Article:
“Heart” does not mean the emotions (though it includes our emotions). It refers to our inner orientation, the core of our being. This kind of “heart” is what Jesus was referring to when he told us to store up treasures in heaven instead of on earth, “for where your treasure is, there also will your heart be.” (Matthew 6:21) This is the “heart” Jesus was worried about when he said “from the heart come evil thoughts, murder, adultery, unchastity, theft, false witness, blasphemy.” (Matthew 15:19) Jesus observed that our heart can get untethered from our actions: “This people honors me with their lips, but their hearts are far from me.” (Matthew 15:8) Heart in this sense—the totality of our response—is the concern of the Spiritual Exercises. This heart response is a cornerstone of the Spiritual Exercises. Creation is a flow of God’s gifts, with a human response being the link that allows the flow to return to God. The human response is a free choice to allow God’s creation to speak. Creation helps us to know and love God and to want to live with God forever. Early in the Exercises, Ignatius asks the retreatant to pray before Jesus Christ on the cross. He identifies Christ as creator, the God of the Principle and Foundation. “Talk to him about how he creates because he loves,” Ignatius seems to say. This is no abstract God of reason, but a loving God seen in the face of Jesus Christ. It is the Pauline Christ of Colossians and Ephesians. It is the Christ of the Prologue to John’s Gospel: the Word “in whom all things were created.”  This is the Son of God, the Alpha and Omega of John’s Apocalypse. Our spiritual journey is an attempt to answer the question, “What is life all about?” Here is Ignatius’s answer: a vision of God for our hearts, not our minds. It is a depiction of the Creator as a superabundant giver. He gives gifts that call forth a response on our part, a free choice to return ourselves to him in grateful thanks and love. It is a vision that only a heart can respond to". Read more  Here

As Fr. Fleming notes, St. Ignatius does not include any novenas, offices or devotions in his spiritual exercises.  The only exception in the Ignatian tradition is the central place of the Sacred Heart as it was promoted in the 17th century by St. Claude de la Colombiere. The core theme of Ignatian spirituality Fr. Fleming observes is, therefore,  that  ‘Jesus is all heart’.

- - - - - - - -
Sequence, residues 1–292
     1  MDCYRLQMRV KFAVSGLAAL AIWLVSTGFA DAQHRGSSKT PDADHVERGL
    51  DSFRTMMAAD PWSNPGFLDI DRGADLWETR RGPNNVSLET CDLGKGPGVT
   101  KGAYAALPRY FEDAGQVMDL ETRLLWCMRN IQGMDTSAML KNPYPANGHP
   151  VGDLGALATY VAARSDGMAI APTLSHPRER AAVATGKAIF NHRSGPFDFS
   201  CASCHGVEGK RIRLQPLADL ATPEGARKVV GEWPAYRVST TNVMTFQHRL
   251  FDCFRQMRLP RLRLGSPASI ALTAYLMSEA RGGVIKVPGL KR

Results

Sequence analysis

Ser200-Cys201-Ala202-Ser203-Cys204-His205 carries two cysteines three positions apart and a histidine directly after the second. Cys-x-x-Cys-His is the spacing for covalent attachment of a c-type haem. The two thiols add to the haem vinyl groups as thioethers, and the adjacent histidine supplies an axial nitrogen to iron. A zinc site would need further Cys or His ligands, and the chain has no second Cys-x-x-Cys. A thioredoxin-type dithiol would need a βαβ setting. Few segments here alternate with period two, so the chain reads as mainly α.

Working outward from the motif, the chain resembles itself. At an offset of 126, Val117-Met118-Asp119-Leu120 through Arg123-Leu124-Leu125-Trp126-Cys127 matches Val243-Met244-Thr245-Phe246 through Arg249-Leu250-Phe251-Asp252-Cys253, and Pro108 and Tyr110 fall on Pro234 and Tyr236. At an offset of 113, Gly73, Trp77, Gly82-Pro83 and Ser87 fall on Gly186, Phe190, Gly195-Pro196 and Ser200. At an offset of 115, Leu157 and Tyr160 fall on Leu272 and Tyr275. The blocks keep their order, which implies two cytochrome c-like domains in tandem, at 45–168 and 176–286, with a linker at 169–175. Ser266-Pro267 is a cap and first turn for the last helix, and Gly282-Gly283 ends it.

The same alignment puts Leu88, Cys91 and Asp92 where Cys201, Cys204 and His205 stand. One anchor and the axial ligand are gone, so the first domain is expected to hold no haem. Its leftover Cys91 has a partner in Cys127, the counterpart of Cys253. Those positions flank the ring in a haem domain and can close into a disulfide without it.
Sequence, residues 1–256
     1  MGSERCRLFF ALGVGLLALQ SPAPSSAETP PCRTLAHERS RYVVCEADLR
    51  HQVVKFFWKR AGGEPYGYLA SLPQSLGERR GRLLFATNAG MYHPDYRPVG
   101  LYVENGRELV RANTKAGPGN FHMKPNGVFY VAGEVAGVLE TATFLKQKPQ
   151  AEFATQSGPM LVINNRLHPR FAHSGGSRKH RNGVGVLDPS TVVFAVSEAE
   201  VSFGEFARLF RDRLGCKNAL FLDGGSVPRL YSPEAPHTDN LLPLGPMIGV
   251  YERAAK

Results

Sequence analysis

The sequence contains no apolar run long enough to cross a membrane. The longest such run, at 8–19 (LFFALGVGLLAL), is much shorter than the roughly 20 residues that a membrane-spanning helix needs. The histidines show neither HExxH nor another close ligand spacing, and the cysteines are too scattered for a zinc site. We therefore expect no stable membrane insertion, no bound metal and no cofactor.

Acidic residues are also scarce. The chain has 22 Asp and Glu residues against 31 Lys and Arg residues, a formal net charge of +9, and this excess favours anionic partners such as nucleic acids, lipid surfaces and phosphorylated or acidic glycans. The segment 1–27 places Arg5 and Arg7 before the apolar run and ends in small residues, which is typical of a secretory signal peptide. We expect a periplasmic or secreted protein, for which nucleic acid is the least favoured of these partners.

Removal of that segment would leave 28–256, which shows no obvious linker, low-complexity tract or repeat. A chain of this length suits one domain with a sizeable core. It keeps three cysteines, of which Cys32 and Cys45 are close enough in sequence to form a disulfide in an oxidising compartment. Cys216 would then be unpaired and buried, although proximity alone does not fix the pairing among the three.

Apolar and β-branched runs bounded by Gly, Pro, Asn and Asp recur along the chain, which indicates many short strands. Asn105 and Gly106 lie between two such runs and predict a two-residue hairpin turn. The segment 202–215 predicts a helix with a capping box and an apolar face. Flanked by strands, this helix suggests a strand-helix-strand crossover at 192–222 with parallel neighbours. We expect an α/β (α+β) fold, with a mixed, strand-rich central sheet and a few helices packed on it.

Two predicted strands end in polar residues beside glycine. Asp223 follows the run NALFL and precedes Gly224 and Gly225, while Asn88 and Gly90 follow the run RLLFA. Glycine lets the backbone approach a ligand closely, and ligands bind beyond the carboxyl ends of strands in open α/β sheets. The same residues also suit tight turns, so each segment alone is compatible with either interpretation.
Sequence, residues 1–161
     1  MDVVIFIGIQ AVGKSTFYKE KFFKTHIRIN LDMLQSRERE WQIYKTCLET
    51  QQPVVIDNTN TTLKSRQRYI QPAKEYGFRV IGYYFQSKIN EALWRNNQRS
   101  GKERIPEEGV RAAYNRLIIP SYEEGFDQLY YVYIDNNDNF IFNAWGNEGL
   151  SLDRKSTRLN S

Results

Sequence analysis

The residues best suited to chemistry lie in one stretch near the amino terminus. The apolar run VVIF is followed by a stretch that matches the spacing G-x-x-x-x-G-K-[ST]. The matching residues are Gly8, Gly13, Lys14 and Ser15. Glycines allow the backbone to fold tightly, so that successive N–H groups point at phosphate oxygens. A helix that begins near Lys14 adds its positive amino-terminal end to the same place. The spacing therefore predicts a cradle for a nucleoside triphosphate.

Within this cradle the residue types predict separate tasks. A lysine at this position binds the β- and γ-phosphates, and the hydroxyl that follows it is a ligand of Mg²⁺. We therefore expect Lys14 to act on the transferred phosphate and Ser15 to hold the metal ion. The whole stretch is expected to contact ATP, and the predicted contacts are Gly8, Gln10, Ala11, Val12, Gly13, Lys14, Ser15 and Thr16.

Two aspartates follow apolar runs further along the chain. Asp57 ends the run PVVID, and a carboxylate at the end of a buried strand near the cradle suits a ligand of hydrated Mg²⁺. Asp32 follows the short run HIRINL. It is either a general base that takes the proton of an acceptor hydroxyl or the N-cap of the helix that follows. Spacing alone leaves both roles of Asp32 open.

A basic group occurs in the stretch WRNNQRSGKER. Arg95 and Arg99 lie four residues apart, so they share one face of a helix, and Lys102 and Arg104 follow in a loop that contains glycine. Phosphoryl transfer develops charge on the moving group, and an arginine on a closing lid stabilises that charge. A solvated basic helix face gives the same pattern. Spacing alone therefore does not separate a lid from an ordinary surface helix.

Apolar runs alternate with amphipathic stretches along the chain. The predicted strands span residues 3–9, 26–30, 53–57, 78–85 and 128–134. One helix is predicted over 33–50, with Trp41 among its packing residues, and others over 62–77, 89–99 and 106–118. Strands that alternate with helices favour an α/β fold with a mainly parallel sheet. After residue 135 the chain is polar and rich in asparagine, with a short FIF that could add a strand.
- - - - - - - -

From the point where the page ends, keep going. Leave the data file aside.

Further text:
As a Jesuit Pope Francis will naturally be  totally imbued with this tradition.  So, it is not so surprising that the theme of  the heart has been at the very heart of his words thus far!  In no particular order, for example, in his comment on what he called the ‘icon’ of the Turin Shroud, Pope Francis calls us to ‘…allow ourselves to be reached by this look, which is directed not to our eyes but to our heart.’

In his Regina Caeli address, he observes that:

everything passes through the human heart: if I allow myself to be reached by the grace of the risen Christ, if I let that grace change for the better whatever is not good in me, [to change whatever] might do harm to me and to others, then I allow the victory of Christ to affirm itself in in my life, to broaden its beneficial action. This is the power of grace! Without grace we can do nothing – without grace we can do nothing! And with the grace of Baptism and Holy Communion can become an instrument of God’s mercy – that beautiful mercy of God.

In his Urbi et Orbi message:

Most of all, I would like it to enter every heart, for it is there that God wants to sow this Good News: Jesus is risen, there is hope for you, you are no longer in the power of sin, of evil! Love has triumphed, mercy has been victorious!

In his homily at the Chrism Mass:

Dear lay faithful, be close to your priests with affection and with your prayers, that they may always be shepherds according to God's heart.

And in his address to religious leaders he asks them to pray for him with the words:

And I ask you for a special prayer for me so that I can be a pastor according to the heart of Christ.

Pope Francis, it is clear, will be a Pope ‘according to the heart of Christ'.